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Malcolm, Noel

MALCOLM, Noel

PERSONAL: Male.

ADDRESSES: Agent—c/o Author Mail, Oxford University Press, Walton St., Oxford OX2 6DP, England.

CAREER: Historian and political columnist. Daily Spectator, London, England, political columnist covering the Balkan countries; Daily Telegraph, London, political columnist.

WRITINGS:

De Dominis, 1560–1624: Venetian, Anglican, Ecumenist, and Relapsed Heretic, Strickland & Scott (London, England), 1984.

George Enescu: His Life and Music, Toccata (London, England), 1990.

Bosnia: A Short History, New York University Press (New York, NY), 1994.

(Editor) The Correspondence: Thomas Hobbes, Oxford University Press (Oxford, England), 1994.

Kosovo: A Short History, New York University Press (New York, NY), 1998.

(Editor, with Quintin Hoare) Books on Bosnia: A Critical Bibliography of Works relating to Bosnia-Herzegovina Published since 1990 in West European Languages, Bosnian Institute (London, England), 1999.

Aspects of Hobbes, Oxford University Press (Oxford, England), 2003.

SIDELIGHTS: British journalist Noel Malcolm has covered the Balkan countries in his political column for the London Daily Spectator since the early 1980s. He has also used the experience gained at this post to write several books, including biographies of historical figures, such as cleric Marcantonio de Dominis and composer George Enescu, and a prolfile of the republic of Bosnia. Malcolm's book-length efforts have met with praise from reviewers for their thoroughness and interest level.

De Dominis, 1560–1624: Venetian, Anglican, Ecumenist, and Relapsed Heretic has as its subject a priest born in sixteenth-century Dalmatia to Venetian parents. Marcantonio de Dominis was ordained in the Catholic Church, but his heretical opinions led him to seek refuge in England. He recanted his heresy and returned to Catholicism under Pope Gregory XV, but was imprisoned when Urban VIII was elected pope. He died of natural causes five months later, before his trial began. Uberto Limentani, writing in the Modern Language Review, praised Malcolm's biographical efforts, noting that his "account of the vicissitudes and volte-faces of a bewildering personality goes a long way towards explaining the motives that lay behind [de Dominis's] often contrasting attitudes."

The subject of Malcolm's biography George Enescu: His Life and Music is a Romanian composer and musician who has been compared with Wolfgang Amadeus Mozart, according to David Matthews in the Times Literary Supplement. Known primarily for two pieces called the "Romanian Rhapsodies," Enescu's body of work ultimately suffered from the governing regime's reluctance to support the composer, in part because of his marriage to a member of the former Romanian royal family and also due to his opposition to the country's communist dictatorship, which lasted until the late 1980s. Furthermore, according to Matthews, "Enescu was not a modernist as Schoenberg, Stravinsky and Bartok were. He sought no overthrow of tonality, nor indulged in fashionable iconoclasm." The reviewer also judged that "Malcolm's study will surely do much to help the rehabilitation of Enescu as a composer. He is a passionately committed guide, interweaving well-researched biography with an account of all the music Enescu wrote."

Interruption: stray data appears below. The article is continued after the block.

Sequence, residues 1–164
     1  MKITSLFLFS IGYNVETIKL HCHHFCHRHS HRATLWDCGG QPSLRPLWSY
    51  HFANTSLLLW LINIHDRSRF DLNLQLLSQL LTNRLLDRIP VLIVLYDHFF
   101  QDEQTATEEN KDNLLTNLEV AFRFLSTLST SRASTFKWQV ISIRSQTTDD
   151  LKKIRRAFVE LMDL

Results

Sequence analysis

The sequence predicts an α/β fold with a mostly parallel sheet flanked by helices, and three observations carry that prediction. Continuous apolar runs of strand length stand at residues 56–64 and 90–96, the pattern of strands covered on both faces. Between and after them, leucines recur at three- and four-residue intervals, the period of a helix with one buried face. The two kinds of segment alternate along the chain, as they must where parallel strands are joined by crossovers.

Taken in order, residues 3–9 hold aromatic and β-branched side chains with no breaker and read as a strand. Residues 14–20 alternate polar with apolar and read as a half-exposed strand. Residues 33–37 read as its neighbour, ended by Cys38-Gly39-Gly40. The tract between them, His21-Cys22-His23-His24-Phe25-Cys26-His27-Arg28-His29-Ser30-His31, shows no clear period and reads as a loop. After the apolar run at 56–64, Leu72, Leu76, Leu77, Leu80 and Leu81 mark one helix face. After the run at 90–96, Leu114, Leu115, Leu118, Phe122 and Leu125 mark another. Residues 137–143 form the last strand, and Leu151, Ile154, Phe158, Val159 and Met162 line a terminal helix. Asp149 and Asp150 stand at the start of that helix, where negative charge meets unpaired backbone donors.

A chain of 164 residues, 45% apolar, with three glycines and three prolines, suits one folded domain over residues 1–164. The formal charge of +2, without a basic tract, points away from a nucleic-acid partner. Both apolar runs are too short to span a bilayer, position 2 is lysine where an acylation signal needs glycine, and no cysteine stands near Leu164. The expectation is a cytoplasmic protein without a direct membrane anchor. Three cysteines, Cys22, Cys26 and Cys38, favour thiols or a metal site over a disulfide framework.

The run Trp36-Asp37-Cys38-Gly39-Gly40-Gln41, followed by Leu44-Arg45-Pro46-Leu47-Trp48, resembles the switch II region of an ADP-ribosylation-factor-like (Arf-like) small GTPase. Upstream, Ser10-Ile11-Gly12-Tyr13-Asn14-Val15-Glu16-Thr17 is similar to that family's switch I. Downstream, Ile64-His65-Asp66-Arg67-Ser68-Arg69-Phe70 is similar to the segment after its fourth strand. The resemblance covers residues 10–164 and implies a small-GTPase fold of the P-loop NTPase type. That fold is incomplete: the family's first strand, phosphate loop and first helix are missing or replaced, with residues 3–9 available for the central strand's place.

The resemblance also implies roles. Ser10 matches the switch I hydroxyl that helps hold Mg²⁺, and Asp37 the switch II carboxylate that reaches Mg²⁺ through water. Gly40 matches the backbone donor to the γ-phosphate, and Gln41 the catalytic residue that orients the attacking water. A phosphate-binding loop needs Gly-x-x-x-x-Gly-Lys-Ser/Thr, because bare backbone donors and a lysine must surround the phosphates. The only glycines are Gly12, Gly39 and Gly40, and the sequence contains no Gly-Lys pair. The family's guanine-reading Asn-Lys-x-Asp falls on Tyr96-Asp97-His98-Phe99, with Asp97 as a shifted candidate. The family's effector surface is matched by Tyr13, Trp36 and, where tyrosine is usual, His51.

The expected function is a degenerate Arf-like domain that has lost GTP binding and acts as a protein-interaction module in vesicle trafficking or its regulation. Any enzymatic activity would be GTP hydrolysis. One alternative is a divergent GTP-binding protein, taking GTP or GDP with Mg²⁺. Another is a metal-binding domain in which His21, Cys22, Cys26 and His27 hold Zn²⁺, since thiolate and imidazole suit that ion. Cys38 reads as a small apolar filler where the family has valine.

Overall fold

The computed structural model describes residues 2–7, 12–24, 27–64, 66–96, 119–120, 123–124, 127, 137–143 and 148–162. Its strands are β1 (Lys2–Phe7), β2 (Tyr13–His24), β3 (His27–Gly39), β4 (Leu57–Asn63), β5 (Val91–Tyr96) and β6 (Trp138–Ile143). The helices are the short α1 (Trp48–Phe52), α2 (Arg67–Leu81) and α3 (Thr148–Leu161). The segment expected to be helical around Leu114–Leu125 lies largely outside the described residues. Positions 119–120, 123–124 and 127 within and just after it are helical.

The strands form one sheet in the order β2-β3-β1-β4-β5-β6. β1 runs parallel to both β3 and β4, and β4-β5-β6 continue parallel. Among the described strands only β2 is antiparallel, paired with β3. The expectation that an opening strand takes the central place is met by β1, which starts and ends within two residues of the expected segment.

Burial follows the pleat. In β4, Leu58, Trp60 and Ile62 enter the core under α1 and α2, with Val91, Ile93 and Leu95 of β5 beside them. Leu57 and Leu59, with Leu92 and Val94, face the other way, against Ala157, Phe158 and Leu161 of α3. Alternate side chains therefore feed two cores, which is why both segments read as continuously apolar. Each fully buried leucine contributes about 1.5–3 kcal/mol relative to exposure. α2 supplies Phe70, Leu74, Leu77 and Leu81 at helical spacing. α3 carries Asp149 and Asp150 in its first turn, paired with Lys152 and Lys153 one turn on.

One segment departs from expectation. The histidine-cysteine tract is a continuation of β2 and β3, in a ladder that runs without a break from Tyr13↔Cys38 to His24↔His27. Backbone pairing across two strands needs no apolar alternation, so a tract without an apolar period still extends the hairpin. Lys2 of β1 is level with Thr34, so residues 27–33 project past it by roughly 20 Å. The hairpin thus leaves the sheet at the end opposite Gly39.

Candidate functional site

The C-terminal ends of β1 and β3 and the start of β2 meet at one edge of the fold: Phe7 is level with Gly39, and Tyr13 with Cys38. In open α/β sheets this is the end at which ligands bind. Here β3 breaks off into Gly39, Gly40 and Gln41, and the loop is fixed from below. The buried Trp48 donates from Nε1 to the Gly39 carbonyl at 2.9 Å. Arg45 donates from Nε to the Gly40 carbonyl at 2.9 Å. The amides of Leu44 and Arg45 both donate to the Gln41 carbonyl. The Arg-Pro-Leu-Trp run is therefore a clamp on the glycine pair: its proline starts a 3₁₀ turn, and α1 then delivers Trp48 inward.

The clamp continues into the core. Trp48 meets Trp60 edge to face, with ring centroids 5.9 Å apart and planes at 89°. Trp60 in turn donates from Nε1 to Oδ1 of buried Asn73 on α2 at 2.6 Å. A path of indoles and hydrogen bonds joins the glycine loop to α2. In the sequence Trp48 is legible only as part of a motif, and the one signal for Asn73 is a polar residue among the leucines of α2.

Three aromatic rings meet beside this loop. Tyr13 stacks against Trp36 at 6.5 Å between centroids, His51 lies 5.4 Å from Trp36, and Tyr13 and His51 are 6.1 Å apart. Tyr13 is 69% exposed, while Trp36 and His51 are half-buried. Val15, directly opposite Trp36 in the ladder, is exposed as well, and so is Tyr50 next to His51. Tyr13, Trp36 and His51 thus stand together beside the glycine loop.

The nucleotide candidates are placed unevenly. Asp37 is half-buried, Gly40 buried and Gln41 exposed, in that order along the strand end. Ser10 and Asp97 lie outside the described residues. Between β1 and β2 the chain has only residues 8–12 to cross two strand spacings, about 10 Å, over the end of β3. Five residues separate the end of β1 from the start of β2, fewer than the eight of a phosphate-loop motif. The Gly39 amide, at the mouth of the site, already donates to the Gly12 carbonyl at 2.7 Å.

Malcolm's Bosnia: A Short History details the history of the former Yugoslavian republic that has been divided by warfare. Many critics have found Malcolm's assertion, in the words of Times Literary Supplement reviewer Dimitri Obolensky, that "the root causes of Bosnia's collapse … were first, the political strategy of the Serbian leadership, and second, the total lack of understanding displayed by the leaders of the West" to be the most significant aspect of the work. Bosnia also examines the republic's religious and social history since medieval times, and attempts to refute the notion that Bosnia has always been divided from within by its diverse religious and ethnic groups. As John Fine observed in the London Review of Books, "such ethnic hostility as did reveal itself in Bosnia between the [world] wars was usually exported there by its excitable neighbors. In fact, whenever violence has broken out in Bosnia over ideological causes … its source has lain beyond the borders."

Obolensky called Bosnia "a most impressive achievement. Combining wide and perceptive scholarship—evident in historical argument, illuminating notes and wide-ranging bibliography—it will do much for the professional historian while acting as a firm and skilful guide to the general reader." Michael Ignatieff in the New York Review of Books also applauded the volume, calling it "a thoughtful, lucid, and deeply informed study." Tom Gjelten, reviewing Malcolm's effort in the Washington Post Book World, concluded that "it is a measure of the Bosnian conflict that a book on history … has the political significance that this one has."

BIOGRAPHICAL AND CRITICAL SOURCES:

PERIODICALS

Kirkus Reviews, July 15, 1994, pp. 963-964.

London Review of Books, April 28, 1994, John Fine, review of Bosnia: A Short History, pp. 9-10.

Modern Language Review, January, 1986, Uberto Limentani, review of De Dominis, 1560–1624: Venetian, Anglican, Ecumenist, and Relapsed Heretic, pp. 225-226.

New York Review of Books, April 21, 1994, Michael Ignatieff, review of Bosnia, p. 3.

Publishers Weekly, July 25, 1994, p. 39.

Times Literary Supplement, January 11, 1991, David Matthews, review of George Enescu: His Life and Music, p. 13; April 8, 1994, Dimitri Obolensky, review of Bosnia, pp. 15-16; April 25, 2003, Mark Goldie, review of Aspects of Hobbes, p. 9.

Washington Post Book World, October 9, 1994, Tom Gjelten, review of Bosnia, p. 6.

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